First Federal Savings and Loan Association of Southcarolina, Plaintiff-appellee, v. Chrysler Credit Corporation, Defendant-appellant.first Federal Savings and Loan Association of Southcarolina, Plaintiff-appellant, v. Chrysler Credit Corporation, Defendant-appellee, 981 F.2d 127 (4th Cir. 1993)

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U.S. Court of Appeals for the Fourth Circuit - 981 F.2d 127 (4th Cir. 1993) Argued Sept. 30, 1992. Decided Nov. 30, 1992. As Amended Jan. 5, 1993

Daryl Lloyd Williams, Sinkler & Boyd, P.A., Columbia, S.C., argued (Elizabeth Anne Carpentier, Sinkler & Boyd, P.A., on the brief), for defendant-appellant.

Thomas Whatley Bunch, II, Robinson, McFadden & Moore, P.C., Columbia, S.C., argued (David W. Robinson, II, James M. Brailsford, III, Robinson, McFadden & Moore, P.C., on the brief), for plaintiff-appellee.

Before MURNAGHAN, NIEMEYER, and HAMILTON, Circuit Judges.


HAMILTON, Circuit Judge:

This case arises from the refusal of Chrysler Credit Corporation (CCC) to honor five checks made payable to Burdette Motors, Inc. (Burdette) and deposited in Burdette's checking account at First Federal Savings and Loan Association of South Carolina (First Federal). First Federal, which gave immediate credit for the checks that were drawn and exhausted immediately, sued CCC in state court for the amount of the checks plus interest. CCC removed the action to federal court on the basis of diversity. After deciding several pre-trial matters, with the consent of the parties, the district court referred the case to a Magistrate Judge for final disposition. 28 U.S.C. § 636.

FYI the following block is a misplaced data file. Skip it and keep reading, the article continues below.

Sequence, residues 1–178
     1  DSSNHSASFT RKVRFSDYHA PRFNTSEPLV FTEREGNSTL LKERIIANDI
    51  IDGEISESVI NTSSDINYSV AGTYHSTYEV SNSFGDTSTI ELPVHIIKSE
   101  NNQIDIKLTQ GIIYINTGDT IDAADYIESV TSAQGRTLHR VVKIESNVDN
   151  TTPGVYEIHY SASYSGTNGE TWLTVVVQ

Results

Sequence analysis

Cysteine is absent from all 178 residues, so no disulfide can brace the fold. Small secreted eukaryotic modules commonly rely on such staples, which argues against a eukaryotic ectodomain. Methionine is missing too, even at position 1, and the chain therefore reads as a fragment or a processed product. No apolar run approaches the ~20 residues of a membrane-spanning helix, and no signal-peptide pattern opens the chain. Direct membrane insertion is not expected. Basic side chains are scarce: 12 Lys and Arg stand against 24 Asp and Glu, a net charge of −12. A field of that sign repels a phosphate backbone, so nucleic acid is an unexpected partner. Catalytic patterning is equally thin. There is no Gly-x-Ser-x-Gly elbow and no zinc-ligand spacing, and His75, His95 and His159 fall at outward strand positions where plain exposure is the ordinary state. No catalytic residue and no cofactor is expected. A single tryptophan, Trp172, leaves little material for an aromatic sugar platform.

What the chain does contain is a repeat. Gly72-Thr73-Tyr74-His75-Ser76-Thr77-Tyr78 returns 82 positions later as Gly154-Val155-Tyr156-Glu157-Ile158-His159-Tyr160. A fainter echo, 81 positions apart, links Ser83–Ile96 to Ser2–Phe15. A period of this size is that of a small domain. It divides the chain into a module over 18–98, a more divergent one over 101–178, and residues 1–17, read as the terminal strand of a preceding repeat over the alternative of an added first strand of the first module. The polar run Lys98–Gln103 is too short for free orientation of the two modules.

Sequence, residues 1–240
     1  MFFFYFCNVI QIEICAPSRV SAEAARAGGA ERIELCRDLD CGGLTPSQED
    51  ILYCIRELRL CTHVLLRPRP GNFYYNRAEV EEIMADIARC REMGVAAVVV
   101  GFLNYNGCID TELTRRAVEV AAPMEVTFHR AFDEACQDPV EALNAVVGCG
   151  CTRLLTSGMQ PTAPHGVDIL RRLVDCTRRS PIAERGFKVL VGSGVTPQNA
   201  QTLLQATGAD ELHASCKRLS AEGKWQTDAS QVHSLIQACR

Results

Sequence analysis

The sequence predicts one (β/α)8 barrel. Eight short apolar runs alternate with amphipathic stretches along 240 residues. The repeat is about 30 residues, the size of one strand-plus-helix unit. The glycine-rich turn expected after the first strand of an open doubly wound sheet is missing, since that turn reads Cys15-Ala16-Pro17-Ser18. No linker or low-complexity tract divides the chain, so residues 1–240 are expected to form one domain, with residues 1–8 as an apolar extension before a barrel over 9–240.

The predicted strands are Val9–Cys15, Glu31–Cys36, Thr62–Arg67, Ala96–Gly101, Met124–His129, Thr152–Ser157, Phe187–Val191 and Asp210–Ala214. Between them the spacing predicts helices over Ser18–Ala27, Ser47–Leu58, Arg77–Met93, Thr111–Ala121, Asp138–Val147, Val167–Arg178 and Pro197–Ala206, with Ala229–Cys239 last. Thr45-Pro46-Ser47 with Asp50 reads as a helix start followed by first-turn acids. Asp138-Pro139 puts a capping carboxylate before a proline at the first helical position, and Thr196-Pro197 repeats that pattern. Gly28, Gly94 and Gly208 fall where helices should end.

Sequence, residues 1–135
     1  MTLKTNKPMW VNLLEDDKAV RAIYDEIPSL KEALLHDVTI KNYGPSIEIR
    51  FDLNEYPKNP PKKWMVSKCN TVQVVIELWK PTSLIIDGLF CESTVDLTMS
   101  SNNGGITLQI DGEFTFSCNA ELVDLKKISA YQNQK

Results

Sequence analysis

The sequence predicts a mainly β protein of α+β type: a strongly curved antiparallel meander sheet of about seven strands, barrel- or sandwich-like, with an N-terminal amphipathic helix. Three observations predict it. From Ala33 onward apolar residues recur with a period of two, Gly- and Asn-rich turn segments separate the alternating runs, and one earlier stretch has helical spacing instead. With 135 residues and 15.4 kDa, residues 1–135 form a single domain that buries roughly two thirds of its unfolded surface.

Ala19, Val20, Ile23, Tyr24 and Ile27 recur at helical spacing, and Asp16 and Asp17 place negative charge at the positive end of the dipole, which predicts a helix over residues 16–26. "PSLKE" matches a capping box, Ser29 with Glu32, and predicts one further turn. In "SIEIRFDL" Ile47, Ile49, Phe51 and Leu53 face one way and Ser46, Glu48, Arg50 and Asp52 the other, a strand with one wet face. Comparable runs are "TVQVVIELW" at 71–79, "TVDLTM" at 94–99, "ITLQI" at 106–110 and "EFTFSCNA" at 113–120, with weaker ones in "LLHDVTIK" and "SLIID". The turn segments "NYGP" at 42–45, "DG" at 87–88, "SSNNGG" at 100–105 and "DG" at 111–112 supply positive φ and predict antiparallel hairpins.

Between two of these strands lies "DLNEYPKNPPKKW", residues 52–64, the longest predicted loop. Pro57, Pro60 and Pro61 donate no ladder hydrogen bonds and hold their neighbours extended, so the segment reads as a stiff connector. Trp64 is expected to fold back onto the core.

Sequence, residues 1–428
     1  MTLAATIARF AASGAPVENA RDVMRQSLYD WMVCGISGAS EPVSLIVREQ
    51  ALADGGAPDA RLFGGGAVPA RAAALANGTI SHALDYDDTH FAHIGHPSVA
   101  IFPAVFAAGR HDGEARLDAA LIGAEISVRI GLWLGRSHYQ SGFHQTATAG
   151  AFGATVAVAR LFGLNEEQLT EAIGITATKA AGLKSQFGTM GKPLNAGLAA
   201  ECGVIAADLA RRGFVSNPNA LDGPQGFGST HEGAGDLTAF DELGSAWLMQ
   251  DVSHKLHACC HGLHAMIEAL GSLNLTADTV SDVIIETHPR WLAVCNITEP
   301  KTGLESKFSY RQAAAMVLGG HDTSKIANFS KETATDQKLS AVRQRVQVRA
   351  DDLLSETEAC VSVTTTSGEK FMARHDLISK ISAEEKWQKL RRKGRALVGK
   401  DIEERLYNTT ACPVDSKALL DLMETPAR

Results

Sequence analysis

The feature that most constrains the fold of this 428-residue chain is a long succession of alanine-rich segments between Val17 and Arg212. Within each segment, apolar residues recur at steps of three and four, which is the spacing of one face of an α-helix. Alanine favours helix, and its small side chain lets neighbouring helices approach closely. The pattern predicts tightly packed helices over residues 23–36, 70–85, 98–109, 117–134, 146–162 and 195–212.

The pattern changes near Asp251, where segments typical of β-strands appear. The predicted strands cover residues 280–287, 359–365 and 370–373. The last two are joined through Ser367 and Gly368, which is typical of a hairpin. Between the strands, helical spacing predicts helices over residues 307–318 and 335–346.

CCC defended on the grounds that First Federal accepted the checks for deposit subject to CCC's defenses against Burdette. CCC also counterclaimed against First Federal for fraud, negligent misrepresentation and violation of various banking regulations as a result of losses it sustained by Burdette's demise.

After presentation of exhibits, testimony and closing briefs, the Magistrate Judge found in favor of First Federal with respect to the five checks, finding that although First Federal was merely a "holder" of the checks, CCC failed to prove a valid defense against payment of the checks. Pursuant to the order of reference from the district court, appeal was directly from the Magistrate Judge's order. This appeal and cross-appeal followed.

* We largely adopt the factual findings of the Magistrate Judge, reflected herein, because they are based on substantial evidence and are not clearly erroneous. Anderson v. City of Bessemer City, N.C., 470 U.S. 564, 105 S. Ct. 1504, 84 L. Ed. 2d 518 (1985).